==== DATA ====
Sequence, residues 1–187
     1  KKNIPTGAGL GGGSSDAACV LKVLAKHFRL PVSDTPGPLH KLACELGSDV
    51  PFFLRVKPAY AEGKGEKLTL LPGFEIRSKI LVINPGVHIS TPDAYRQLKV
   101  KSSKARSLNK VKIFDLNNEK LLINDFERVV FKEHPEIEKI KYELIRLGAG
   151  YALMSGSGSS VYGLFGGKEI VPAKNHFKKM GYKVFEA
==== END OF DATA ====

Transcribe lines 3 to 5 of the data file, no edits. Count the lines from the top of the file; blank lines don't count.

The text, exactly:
    51  PFFLRVKPAY AEGKGEKLTL LPGFEIRSKI LVINPGVHIS TPDAYRQLKV
   101  KSSKARSLNK VKIFDLNNEK LLINDFERVV FKEHPEIEKI KYELIRLGAG
   151  YALMSGSGSS VYGLFGGKEI VPAKNHFKKM GYKVFEA